Mixed media

Big Kisses, Bird Calls, and Puppy Dogs

uribefotobuenaNew

Pablo Uribe, Atardecer, 2008 (Dusk) – video still

This year, the Los Angeles Art Show made its home at Los Angeles Convention Center.  This venue change provided more space for gallery booths that ranged from contemporary works such as the Wall Project’s Shepard Fairey and Thierry Noir painted walls to landscapes galore — and even more space for project-based installations. The Vox Humana on-site art performance presented street artists Mear One, Kofie, Retna, and El Mac who showed off their talents over the length of the fair on large-scale canvases.  And speaking of more room, I wondered how Sidestreet Projects got one of their woodworking workshop buses into the fair.  These school buses are outfitted with project stations for elementary school children so they can make a nuts and bolts washer sandwich and one FUNdred dollar bills, which I am sure we all could use more of these days.

One of my favorite pieces of the art fair was Pablo Uribe’s video, Atardecer (2008), which screened in a makeshift dark room in the Guest Country program booth’s rear.  While looking at the other works from the 34° 53’ 0” S – 56° 10’ 0” W show, I heard animals sounds curiously mix with the ambient art fair noise.  Upon stepping into the screening area, there was a video of an older man standing before a black background looking as if he were about to perform a gorgeous aria.  Instead of sweet notes pouring out of his mouth, the sound of a dog’s bark came out.  And then the cooing of a bird!  The actor was imitating the sounds of native rain forest animals.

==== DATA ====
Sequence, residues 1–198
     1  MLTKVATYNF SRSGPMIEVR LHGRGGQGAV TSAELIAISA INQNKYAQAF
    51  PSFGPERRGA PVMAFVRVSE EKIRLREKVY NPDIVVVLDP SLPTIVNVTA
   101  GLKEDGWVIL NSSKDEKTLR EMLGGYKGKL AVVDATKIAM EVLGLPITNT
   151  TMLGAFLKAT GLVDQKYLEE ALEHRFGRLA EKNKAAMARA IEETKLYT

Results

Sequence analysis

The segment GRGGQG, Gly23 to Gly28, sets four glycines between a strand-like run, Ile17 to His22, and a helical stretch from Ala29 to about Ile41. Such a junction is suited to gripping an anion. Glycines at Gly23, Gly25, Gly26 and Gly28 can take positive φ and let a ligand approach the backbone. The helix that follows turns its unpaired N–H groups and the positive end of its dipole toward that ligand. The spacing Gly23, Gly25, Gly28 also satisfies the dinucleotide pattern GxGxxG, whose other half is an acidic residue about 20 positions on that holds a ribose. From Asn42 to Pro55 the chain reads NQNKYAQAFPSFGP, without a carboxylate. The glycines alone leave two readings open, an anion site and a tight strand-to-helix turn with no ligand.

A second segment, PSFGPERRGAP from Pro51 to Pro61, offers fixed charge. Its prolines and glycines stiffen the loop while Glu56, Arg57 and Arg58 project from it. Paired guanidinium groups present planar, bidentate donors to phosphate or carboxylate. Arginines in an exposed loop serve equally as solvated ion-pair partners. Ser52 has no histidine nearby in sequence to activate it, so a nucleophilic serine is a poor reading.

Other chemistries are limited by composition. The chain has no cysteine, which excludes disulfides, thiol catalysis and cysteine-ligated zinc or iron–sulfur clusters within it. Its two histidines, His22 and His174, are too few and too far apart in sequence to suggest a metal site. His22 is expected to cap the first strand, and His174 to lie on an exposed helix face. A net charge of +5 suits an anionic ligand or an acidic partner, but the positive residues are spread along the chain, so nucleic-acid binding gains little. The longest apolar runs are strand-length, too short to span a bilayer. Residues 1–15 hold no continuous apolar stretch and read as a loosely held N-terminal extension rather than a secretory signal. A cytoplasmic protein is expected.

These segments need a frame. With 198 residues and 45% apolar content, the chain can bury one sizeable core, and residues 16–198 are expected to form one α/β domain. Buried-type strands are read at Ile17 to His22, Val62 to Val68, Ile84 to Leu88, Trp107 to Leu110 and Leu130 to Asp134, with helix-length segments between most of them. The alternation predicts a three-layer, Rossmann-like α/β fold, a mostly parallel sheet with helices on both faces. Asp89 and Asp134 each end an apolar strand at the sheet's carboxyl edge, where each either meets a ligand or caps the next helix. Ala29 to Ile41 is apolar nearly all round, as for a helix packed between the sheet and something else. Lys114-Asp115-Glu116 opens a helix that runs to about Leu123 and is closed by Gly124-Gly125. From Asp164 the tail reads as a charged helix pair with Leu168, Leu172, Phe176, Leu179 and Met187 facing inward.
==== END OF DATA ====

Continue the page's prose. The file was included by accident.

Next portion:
Willy Rojas’ photographs at Barcelona’s Villa del Arte booth depicted miniature figurines interacting

Willy Rojas, Egg

Willy Rojas, Egg

with their food-based environment.  Tiny people ski down slopes of salt or a wedge of hard cheese.  A man broke the shell of an egg with his sledgehammer while a couple ice skates on an orange hued soup.

Speaking of food, the Timothy Yarger Gallery presented Jean Wells’ The Giant Kiss quite literally.  The huge chocolate-scented foil wrapped sculpture demanded a tongue-in-cheek presence while paying homage to Claes Oldenburg’s shop.

The Rebecca Hossack Gallery held quite a few treats, including a gorgeous papel picado-esque paper cutting in the shape of a peacock (Ian Penney), a piece of toast with an image of Shakespeare burnt onto it à la the Virgen de Guadalupe (Maria Morrow), and also Phil Shaw’s photographs of brightly colored bookshelves, which was a voyeur’s delight to snoop the book titles.

And on my way out, I spotted three Jeff Koon’s puppy vases filled with fresh flowers guarding Jean Dubuffet’s Tapis at the Jane Kahan Gallery.  In my mind, they were the guardians of the LA Art Show — a much friendlier and kitsch version of Cerberus.

Fine Arts LA Jeff Koons puppy vase

Posted in Books, Bring Your Flask, Contemporary Art, Downtown, Festival, Galleries, Installation, Mixed media, Painting, Performance, Photography, Video Art No Comments »

A Whole New (LA Art) World

We’d be very surprised if this is true of any of our readers, but it seems that some Angelenos are less than familiar with the art scene in Atwater Village.

Okay, so we are admittedly less than familiar with how to even get to Atwater Village not to mention how we’d start exploring it’s art scene.  The problem is that, well, it’s far.  Then, we don’t know where to go once we’re there – what if we miss the best spot? After all that stress, we’ll surely be hungry and we’re at a loss for where to get a good snack in the neighborhood.  Alas, we tend to just stay in our close environs.